This question has been on my mind since the untimely passing of Tony Hsieh at the age of 46. Most famous for helming shoe retailer Zappos for nearly 20 years, Hsieh was an inspirational advocate of putting the customer at the center of a company’s worldview.
Zappos encouraged its customers to buy many shoes and return nearly as many; despite being very costly logistically, such service was understood as critical to helping customers become comfortable with shopping for such fitting-dependent items online. Famously, customer service was also encouraged to go to whatever lengths were required to assist customers, even if that meant much lower call volumes (the metric by which many customer service teams are graded).
This indefatigable concentration on his customers made Zappos philosophically a natural pairing with Amazon, which purchased the shoe retailer in 2009 but left it to operate relatively independently. Hsieh retired only this past August.
Alfred Lin, Zappos’s former CFO, COO, and Chairman, made an observation about the company’s customer centricity that caught my eye:
Lavish customer service was costly in the short run but paid off long term, Mr. Lin said. Those who returned the most shoes also ended up paying for lots of shoes and were the most profitable customers, Mr. Lin said.
This brings us back to the opening question: can you identify your best customers?
It sounds like a simple question. You may think, “of course we know who our best customers are!” But what actually constitutes a good customer? Can you articulate it?
The danger I see is illustrated by Lin’s quote. The very customers who by one metric (returns) would appear to be the worst were actually the most profitable. Conversely, customers that may appear to be your best may actually be hurting your company. How can we tease this out?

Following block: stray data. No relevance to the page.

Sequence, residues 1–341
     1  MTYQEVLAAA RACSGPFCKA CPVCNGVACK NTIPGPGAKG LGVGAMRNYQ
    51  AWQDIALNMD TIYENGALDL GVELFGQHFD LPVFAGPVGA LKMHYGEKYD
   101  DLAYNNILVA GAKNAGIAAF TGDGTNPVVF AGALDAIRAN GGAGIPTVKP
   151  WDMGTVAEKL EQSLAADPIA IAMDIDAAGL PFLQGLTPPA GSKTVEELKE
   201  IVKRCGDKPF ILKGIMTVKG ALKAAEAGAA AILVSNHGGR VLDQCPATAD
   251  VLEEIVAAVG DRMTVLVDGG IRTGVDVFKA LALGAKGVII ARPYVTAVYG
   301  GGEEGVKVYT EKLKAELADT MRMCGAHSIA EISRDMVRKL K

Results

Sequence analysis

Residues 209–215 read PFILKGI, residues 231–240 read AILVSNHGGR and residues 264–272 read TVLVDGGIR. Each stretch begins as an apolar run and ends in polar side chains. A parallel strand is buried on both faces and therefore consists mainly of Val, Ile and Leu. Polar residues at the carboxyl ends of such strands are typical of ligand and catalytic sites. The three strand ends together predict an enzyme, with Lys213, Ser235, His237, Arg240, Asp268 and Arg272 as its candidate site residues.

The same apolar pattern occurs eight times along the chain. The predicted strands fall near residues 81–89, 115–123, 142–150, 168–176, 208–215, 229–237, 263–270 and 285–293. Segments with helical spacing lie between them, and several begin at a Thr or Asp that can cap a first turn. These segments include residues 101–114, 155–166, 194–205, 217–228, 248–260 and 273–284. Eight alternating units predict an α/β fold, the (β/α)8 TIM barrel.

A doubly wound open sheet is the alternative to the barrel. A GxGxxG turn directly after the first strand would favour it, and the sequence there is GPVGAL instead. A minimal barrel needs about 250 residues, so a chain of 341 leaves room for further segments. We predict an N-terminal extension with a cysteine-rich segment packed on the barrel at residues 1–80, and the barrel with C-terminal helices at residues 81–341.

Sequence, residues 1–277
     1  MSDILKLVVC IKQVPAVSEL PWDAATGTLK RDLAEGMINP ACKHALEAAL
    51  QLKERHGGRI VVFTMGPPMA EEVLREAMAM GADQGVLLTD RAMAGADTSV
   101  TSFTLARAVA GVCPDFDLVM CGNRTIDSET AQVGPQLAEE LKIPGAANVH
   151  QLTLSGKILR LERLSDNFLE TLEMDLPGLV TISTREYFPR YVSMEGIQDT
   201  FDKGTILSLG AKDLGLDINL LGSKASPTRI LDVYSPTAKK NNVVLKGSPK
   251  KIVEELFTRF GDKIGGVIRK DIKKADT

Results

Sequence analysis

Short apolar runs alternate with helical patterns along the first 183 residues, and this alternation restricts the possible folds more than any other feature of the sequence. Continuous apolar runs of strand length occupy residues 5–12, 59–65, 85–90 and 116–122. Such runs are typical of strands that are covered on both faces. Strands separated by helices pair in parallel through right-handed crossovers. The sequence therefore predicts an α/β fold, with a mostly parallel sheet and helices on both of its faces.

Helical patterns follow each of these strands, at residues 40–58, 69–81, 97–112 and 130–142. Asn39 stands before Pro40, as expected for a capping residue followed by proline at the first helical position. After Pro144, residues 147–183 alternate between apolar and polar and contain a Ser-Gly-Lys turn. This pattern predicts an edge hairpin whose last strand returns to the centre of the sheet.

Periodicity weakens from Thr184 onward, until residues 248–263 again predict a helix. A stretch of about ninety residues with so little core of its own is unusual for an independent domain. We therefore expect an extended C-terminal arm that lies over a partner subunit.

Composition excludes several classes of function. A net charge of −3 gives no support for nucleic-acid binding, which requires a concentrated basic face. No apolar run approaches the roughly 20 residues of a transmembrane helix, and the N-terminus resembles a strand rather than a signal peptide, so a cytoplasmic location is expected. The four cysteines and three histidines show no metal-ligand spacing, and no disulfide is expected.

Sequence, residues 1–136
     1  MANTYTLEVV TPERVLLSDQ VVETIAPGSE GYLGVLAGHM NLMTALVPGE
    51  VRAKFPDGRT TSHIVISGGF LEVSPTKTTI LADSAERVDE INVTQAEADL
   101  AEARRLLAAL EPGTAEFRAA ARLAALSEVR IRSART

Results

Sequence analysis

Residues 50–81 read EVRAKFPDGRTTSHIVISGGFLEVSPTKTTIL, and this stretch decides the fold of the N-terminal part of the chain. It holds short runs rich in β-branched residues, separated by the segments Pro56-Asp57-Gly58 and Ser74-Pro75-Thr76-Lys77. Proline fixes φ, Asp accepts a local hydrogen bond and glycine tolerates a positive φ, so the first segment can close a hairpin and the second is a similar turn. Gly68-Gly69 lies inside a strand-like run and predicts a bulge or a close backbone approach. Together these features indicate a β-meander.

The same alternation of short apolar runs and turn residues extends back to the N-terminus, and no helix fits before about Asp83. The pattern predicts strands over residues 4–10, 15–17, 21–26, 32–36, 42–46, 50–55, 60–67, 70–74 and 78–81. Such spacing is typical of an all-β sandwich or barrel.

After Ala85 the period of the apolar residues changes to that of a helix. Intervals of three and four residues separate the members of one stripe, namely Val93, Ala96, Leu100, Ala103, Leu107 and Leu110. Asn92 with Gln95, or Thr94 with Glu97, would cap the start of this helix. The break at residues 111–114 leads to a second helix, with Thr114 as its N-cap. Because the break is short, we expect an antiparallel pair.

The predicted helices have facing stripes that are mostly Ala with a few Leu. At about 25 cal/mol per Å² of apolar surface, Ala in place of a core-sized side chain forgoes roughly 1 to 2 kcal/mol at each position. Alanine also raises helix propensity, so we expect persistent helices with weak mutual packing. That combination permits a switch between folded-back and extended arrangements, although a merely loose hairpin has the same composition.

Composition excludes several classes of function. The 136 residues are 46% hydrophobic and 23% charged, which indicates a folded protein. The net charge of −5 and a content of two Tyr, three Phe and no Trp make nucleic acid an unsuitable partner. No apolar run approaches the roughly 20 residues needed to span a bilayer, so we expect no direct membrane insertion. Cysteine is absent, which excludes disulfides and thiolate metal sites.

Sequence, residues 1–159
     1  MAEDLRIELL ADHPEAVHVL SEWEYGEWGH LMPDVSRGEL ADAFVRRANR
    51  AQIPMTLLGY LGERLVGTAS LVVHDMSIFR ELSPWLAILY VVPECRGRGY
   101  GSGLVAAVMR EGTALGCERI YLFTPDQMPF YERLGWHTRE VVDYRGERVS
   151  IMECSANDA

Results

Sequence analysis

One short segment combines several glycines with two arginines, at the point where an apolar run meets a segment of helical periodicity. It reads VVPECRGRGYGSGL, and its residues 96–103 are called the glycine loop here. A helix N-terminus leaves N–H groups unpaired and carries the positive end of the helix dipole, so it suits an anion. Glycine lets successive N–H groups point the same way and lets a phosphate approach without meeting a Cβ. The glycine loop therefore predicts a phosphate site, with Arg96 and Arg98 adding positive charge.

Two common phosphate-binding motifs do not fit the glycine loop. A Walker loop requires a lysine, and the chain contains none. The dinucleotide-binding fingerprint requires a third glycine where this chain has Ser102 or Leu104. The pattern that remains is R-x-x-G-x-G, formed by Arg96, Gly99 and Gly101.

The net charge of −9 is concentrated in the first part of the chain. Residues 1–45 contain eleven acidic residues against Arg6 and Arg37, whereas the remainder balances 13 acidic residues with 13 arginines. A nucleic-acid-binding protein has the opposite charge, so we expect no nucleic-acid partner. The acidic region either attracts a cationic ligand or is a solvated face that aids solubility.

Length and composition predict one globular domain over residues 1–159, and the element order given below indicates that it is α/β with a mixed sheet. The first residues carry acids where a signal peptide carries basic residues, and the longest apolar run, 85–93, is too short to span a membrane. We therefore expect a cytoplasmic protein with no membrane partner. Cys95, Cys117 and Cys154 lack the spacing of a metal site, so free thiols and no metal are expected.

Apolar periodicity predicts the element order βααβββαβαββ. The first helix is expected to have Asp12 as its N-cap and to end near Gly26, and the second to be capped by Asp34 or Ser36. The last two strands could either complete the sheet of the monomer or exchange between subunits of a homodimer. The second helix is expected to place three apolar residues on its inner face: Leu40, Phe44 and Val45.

Best Customers Appearing as Worst
Sometimes, our best customers may be obscured from us or even made to appear as our worst. This can be the case when analysis is done in a siloed manner, blind to the strategic context in which customers interact with the company. Boilerplate analysis can lead to silos, because a metric that is relevant to one company may not be to another.
Customer behaviors must be understood holistically and in the right strategic context. Some companies may choose to focus on reducing customer returns. However, a company in Zappos’s shoes (forgive the pun) that focused on reducing returns would have scuttled their best customer relationships.
Companies should seek long-term profitability from their customers. Metrics for determining good customers must share this long-term vision, or else analysis and strategy will be at loggerheads
Putting too much weight on a single metric out of context is dangerous. Is your analysis equipped to see context?
Worst Customers Appearing as Best
The mirror case of the above is misidentifying a bad customer as a good one.
We’ve seen situations where customers that looked stellar based on sales revenue actually lowered the company’s profitability once we looked at the bottom line. This speaks to the importance of looking at the entire price waterfall and commercial policy to determine how much of that sales revenue becomes pocket revenue, that is, the amount of revenue in your company’s pocket after considering all discounts and rebates.
Even that isn’t the full story, of course. Sales commissions and product costs must factor into the overall picture of profitability. Sales incentives that reward volume or revenue can have the disastrous effect of paying your salespeople to give away product for free.
Only the Best Customers
Your best customers are those aligned with long-term profitability, as well as your strategic company goals. They recognize your differential value, the ways in which you solve their problems better than the competition. They also help you to find and acquire other good customers.
Zappos recognized this. By providing lavish customer service, it could reassure shoppers and acclimate them to its business model. Customers learned that, even with shipping times, the ease of buying from Zappos made it a winning solution compared to in-person shopping. And they told their friends.
We should all take note. Rest in peace, Mr. Hsieh.